That would the capital-M Minotaur, spawn of Pasiphaë, devourer of virgins, bane of Minos, half-man and half-bull, now five thousand years old and working as a line cook in North Carolina. That’s Sherrill’s one nod to unreality, as everything that comes after that fact of the Minotaur’s existence, the peculiarity of which generates no remark from the non-monster characters in the book. (He does encounter a couple of other immortals – Daphne the Naiad appears briefly toward the end of the book, and we see Medusa in most unfortunate circumstances as well.) With that one given, Sherrill treats the Minotaur as a very human character, at least emotionally, since the guy does have the head of a bull, but other than that and some difficulty speaking, the Minotaur is a protagonist with whom most readers will easily empathize.

Working in the kitchen for a traditional American restaurant, the Minotaur is a diligent and precise worker, getting along with most of his co-workers, mostly because he has the patience of a creature who’s lived five thousand years and seen all manner of unkindness from the humans with whom he’s interacted. He lives in a trailer park, apparently the latest in an endless string of short-term residences, and is an expert at diagnosing and repairing problems with car engines, a skill he trades to his landlord in place of rent. He has a crush on one co-worker, Kelly, but flirts with Cecie, is one of the few who respects the gay expediter David, and tolerates (to a point) the juvenile behavior of Mike and Shane. But he has a pervasive sense of unease that a change for the worse is coming, and eventually his habit of going along to get along lands him in a situation where he has to choose between being proactive and letting history continue to drag him along for the ride.

Sherrill builds his story around largely mundane events. He has great feel for the rhythm of a restaurant kitchen and the repetitive tasks that go into preparing hundreds of identical meals over the course of a few hours, a tedium that the Minotaur actually enjoys. He goes into similar levels of detail on the workings of combustion engines, which I’ll assume is all accurate because I know little more than that you turn the key to start the motor. The twin emphases on specific aspects of these endeavors and on telling the story of the Minotaur’s quotidian life without requiring any Big Events to move the plot will make you forget that the main character is a mythical beast. And he infuses the Minotaur with profound understanding of human behavior and emotions – not supernaturally so, just enough that he becomes the ideal lens through which to watch the actions of the people around him, many of them screwed up in one way or another, the remainder busy screwing themselves up as fast as they can.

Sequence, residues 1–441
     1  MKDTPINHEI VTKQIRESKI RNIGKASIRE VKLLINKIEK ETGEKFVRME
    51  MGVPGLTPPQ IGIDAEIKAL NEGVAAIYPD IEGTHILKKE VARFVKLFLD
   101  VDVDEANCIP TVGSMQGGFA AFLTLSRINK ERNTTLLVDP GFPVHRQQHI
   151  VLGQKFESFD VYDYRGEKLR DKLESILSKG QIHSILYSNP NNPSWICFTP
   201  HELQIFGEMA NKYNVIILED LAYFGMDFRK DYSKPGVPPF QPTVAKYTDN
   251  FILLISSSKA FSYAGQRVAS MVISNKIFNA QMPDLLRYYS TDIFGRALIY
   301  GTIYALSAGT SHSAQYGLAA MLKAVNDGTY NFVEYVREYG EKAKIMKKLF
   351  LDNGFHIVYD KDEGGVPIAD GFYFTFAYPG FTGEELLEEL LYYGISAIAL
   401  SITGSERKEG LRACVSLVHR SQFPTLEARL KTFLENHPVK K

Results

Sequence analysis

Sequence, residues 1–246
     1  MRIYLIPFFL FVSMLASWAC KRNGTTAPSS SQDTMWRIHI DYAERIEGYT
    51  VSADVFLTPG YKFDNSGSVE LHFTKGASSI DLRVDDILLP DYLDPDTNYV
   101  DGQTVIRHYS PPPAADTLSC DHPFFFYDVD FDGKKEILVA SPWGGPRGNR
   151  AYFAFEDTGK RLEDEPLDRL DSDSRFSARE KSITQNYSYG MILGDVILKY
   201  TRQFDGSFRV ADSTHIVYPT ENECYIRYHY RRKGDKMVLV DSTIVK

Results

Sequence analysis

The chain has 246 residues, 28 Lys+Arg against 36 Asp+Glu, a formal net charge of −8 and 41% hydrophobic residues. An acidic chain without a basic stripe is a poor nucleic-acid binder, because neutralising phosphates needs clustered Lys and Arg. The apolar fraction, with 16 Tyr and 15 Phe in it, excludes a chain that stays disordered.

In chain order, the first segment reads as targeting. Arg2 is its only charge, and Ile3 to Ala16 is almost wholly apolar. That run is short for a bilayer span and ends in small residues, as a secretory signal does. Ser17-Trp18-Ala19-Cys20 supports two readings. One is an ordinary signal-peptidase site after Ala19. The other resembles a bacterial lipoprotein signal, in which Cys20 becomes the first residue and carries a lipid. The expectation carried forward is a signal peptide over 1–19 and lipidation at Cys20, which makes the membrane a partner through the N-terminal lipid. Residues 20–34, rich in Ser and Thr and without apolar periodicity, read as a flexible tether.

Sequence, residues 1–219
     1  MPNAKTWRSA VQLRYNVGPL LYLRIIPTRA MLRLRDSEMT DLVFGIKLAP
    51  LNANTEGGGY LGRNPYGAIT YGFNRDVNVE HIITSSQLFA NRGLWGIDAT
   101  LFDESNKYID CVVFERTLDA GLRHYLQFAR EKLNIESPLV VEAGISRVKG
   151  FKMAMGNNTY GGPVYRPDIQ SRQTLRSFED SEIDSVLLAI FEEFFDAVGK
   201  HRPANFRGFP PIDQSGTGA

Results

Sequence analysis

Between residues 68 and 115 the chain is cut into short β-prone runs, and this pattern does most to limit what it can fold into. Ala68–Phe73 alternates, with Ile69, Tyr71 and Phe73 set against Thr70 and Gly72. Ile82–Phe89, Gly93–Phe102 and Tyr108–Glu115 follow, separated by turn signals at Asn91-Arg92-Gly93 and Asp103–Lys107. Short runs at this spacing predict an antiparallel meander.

The Minotaur barely speaks, finding it difficult to articulate clearly given his bull’s tongue and a clear bout of self-consciousness because of this, so much of his dialogue comes out as grunts that his coworkers all understand – which also puts them in the position of doing most of the talking. That puts the Minotaur roughly into the everyman/observer archetype, sort of a bull-headed Nick Jenkins, someone who watches the action for us but isn’t completely neutral or uninvolved. (The bull-headed bit is a dash of irony on Sherrill’s part, as the Minotaur is neither stubborn nor decisive, but is quite thoughtful and even aware of his habit of sometimes making bad decisions.) He’s the title character, and ultimately it’s his decision and his choices that shape the conclusion of the novel, but the real interest here is the diverse side characters, who are eccentric and flawed and whose real natures are reflected in their interactions with the hero. He’s deeply empathetic toward them, the result of his complex origins and five thousand years of watching humans be human, and most of them are similarly empathetic towards him.